With Microsoft's aging Windows 2000 system hurtling towards obsolescence next month, Microsoft issued a warning at the TechEd 2010 trade show this week that it was time for server and desktop users to upgrade. But the warning doesn't apply to just Windows 2000: Those still running Windows Server 2003 will want to begin plotting a migration to more modern server products as well.
Windows Server 2003 has a lot of life left in it from a support standpoint. It's about to enter the "extended support" phase, meaning it will be provided with security updates, but little else, for the next five years. In the server world, that level of support is acceptable, even desirable.
And Windows Server 2003 currently represents the majority of Microsoft-based servers deployed around the world, with the installed base of Windows Server 2003-based servers dwarfing those running Windows Server 2008 and 2008 R2 combined. But these Server 2003 boxes typically utilize older, less efficient hardware, and provide only 32-bit computing capabilities, and none of the virtualization and scalability advantages of newer systems.
"Windows Server 2003 is a power hungry, non-virtualized, \\[32-bit\\] world," Windows Server Group Product Manager Ward Ralston explained during a briefing this week. "It's the classic server sprawl problem."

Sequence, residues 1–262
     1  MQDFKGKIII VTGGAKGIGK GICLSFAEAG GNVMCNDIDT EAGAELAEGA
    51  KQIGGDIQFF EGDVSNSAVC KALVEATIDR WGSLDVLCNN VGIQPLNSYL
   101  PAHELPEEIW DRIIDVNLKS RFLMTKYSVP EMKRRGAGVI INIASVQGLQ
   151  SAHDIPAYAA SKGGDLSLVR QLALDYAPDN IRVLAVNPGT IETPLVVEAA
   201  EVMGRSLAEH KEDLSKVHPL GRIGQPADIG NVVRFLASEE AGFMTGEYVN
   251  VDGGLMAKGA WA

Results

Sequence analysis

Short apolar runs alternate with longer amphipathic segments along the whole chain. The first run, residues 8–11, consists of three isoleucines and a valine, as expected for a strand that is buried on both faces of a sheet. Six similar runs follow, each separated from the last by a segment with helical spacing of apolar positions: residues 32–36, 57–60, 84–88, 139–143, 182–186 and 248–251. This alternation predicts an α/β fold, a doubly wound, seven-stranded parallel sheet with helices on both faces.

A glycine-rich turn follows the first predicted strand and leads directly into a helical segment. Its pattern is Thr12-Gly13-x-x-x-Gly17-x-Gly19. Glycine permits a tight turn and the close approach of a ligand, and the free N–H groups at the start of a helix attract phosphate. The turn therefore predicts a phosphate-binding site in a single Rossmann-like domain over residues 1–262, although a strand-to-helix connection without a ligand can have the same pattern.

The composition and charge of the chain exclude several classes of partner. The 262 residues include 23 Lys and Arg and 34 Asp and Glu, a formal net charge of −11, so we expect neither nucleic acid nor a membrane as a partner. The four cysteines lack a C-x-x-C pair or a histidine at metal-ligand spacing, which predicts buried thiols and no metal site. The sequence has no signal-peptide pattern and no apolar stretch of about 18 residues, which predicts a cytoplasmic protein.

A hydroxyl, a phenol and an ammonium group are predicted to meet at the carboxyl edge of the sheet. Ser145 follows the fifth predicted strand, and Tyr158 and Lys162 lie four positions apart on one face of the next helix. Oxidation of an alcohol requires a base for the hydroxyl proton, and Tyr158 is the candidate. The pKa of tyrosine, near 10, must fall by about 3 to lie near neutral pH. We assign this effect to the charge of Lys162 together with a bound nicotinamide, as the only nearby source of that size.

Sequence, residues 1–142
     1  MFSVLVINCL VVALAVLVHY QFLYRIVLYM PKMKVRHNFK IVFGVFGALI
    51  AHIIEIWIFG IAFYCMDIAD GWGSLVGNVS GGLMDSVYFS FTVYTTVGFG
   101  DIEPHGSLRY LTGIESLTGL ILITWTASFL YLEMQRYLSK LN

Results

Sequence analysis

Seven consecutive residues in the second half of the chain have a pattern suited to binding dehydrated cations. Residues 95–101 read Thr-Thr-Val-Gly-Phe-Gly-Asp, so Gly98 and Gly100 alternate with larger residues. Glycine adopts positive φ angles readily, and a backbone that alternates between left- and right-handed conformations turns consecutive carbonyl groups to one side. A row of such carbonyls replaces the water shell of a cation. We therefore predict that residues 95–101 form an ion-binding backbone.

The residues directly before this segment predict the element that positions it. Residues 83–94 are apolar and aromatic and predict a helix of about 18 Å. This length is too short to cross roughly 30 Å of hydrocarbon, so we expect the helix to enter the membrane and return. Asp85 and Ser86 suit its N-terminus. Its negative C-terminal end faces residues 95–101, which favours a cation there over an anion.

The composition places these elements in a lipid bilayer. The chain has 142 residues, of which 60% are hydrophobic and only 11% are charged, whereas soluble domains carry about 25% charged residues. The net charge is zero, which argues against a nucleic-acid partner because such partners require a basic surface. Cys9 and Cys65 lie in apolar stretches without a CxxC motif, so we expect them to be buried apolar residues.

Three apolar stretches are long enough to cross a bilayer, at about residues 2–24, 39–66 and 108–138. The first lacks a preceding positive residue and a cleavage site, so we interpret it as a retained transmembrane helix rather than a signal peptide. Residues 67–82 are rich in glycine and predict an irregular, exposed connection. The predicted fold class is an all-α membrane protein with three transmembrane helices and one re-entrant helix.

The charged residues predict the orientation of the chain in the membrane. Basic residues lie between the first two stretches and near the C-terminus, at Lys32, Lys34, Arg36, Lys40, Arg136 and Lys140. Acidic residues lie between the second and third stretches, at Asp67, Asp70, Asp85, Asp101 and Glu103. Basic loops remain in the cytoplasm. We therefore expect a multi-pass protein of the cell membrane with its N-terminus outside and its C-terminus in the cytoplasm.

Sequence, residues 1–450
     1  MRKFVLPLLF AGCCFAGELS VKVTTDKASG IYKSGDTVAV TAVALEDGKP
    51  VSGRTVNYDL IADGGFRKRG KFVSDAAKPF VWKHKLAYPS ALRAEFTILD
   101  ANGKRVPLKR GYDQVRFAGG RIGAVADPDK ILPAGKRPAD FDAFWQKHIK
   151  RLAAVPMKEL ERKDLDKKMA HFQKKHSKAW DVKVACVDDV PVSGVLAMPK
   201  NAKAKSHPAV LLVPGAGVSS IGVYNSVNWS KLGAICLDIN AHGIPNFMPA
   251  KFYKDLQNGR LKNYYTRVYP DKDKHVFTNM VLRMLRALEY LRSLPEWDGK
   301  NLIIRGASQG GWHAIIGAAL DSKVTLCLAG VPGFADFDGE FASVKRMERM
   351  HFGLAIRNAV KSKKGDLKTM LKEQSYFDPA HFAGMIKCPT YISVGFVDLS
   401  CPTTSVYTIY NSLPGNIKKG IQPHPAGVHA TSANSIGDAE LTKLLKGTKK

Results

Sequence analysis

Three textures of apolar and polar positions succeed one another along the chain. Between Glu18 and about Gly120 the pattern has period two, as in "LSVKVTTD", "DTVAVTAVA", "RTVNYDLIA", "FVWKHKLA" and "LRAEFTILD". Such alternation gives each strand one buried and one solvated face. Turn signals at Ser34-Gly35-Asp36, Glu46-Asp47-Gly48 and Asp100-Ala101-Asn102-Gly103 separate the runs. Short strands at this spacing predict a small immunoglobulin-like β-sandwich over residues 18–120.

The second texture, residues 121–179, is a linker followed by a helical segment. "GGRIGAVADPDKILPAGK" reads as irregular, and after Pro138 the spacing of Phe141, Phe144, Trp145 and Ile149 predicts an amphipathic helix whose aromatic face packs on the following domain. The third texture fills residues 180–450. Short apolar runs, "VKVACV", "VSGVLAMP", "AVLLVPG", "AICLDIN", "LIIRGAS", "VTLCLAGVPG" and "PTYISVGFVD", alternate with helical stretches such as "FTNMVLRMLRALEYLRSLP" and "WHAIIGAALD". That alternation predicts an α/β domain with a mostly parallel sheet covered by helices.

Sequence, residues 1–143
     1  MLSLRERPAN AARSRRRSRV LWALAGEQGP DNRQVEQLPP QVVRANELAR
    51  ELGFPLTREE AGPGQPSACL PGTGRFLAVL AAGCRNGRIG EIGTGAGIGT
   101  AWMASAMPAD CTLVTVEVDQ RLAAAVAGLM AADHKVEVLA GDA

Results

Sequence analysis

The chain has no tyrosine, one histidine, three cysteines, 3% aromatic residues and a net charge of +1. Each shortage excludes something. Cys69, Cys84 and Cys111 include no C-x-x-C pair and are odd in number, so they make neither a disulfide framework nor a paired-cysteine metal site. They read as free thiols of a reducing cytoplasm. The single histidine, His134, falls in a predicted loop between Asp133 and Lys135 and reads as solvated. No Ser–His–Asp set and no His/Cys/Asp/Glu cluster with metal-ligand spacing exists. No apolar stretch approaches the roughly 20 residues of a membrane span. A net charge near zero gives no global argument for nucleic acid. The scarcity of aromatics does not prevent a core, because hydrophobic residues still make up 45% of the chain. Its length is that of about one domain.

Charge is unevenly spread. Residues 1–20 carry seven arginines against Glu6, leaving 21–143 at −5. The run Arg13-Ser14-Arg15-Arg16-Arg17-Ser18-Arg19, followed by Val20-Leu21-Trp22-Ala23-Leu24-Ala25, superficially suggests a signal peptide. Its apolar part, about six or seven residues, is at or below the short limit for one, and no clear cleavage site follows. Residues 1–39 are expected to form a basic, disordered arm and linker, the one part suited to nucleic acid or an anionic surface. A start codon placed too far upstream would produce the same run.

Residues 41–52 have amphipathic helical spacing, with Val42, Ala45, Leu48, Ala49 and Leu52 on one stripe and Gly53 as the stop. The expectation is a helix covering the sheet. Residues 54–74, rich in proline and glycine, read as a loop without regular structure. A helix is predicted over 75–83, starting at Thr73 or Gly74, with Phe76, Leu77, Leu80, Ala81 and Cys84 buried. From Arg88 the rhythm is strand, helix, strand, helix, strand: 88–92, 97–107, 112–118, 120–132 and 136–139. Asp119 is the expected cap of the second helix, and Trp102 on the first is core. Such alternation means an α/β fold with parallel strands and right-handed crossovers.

As important, perhaps, reliance on 32-bit servers is breeding an entire generation of custom, in-house, and line of business (LOB) applications, many of which won't be easily upgradable to the 64-bit systems that are a requirement for the current server version, Windows Server 2008 R2. In fact, Ralston told me that the number one reason that customers exercise downgrade rights when they acquire a new server is to continue running these 32-bit applications.
So the time to begin at least planning a migration is now, according to Microsoft. Ralston suggested that businesses should also consider hosting applications in the cloud, now that the Windows Azure platform is maturing.
As for you Windows 2000 hold-outs, the time draws close when that system will hit the dread End-Of-Life (EOL) phase. Fortunately, this is a small market with usage share numbers in the low single digits. "Is this a good enough argument?" Ralston asked. "There's no support for Windows 2000 anymore, not even security updates unless you pay for a custom support agreement."